In December 2014, a tragic auto accident occurred in Denton County, Texas. According to the Washington Post, Garrett Wilhelm, while using the popular Apple app, FaceTime, failed to notice the car in front of him slow down and caused a rear end collision which killed 5-year-old Moriah Modisette. Mr. Wilhelm was charged with manslaughter. Now, the Modisette family is involved in a legal battle with Apple, who they claim had the means to prevent the accident.
The focus is a patent filed by Apple in 2008 that would prevent their phones from being used when in a moving vehicle. The system, designed to ensure that drivers are not distracted by their phones by locking users out above certain speeds, has been in development, but to date has not been included in any phones since the patent was awarded, according to several news outlets, including The Guardian newspaper.
However, Apple claims that the system is unreliable, lacking the ability to distinguish between driver and passenger phones in the same car, or even the difference between passengers in cars or on trains and buses, according to The New York Times. External systems by other companies exist which are being tested for their ability to identify the exact locations of phones within a car, but have not been integrated into the phone's technology itself.
Who's responsible for safely using cellphones? People or corporations?
Apple, and other manufacturers, argue that they have a fine line to walk between public safety and ensuring that their customers are pleased with their products. Their concerns aren't entirely unfounded - when another popular app, Pokémon Go, released an update which prevented users from engaging in the game while moving at driving speeds, users were outraged.
Phone manufacturers watch such events with concern that rolling out a system that locks a customer's phone will send the market flocking to competitors. But the app did not lose any significant market presence over the update, and the manufacturers have a higher responsibility to keep their customers, and those on the road around them, safe.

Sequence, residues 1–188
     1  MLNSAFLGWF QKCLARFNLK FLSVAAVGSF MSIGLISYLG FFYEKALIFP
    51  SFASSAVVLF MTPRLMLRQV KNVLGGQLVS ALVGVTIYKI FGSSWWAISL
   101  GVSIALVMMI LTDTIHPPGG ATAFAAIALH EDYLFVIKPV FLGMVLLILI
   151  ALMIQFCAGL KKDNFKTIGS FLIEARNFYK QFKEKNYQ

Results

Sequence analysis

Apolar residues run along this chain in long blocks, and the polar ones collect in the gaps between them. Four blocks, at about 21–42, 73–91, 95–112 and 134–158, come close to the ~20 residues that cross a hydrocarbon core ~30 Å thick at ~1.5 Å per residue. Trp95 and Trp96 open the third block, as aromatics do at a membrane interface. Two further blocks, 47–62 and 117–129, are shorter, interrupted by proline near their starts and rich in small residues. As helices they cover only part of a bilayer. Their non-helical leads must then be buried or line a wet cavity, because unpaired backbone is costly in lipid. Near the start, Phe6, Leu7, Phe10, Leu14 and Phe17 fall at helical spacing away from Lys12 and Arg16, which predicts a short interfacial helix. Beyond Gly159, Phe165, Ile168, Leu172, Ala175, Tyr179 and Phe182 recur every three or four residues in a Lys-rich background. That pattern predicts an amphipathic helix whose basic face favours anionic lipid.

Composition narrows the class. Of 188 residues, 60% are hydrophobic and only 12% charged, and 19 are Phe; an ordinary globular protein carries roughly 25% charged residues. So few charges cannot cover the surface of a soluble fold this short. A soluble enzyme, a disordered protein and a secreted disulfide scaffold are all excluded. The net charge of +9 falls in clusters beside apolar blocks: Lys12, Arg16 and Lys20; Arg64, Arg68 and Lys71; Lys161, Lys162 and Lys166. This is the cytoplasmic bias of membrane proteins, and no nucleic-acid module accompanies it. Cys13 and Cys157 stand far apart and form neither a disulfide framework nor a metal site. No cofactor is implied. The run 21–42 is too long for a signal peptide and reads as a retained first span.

The Modisette family claims that Apple shares responsibility for their daughter's death due to the company's reluctance to move forward with the lock-out technology. Specifically, the Modisettes claim Apple has the means to ensure that Mr. Wilhelm would not have been on his phone while driving.
In contrast, Apple maintains that the owners of their phones hold sole liability for using systems like Airplane Mode or Do Not Disturb mode in order to remain safe. But if they have the means to prevent deaths like this one and refuse to do so, should they be held accountable? Don't the victims of such decisions, and their families, deserve some compensation for their pain?
Lawsuits like the one filed by the Modisettes and a class-action lawsuit introduced in January involving the same technology claim that companies should implement such changes or be held legally responsible. Distracted driving accidents involving cellphones have become a deadly problem plaguing our country. And anything that can be done to prevent such accidents should be done as soon as possible.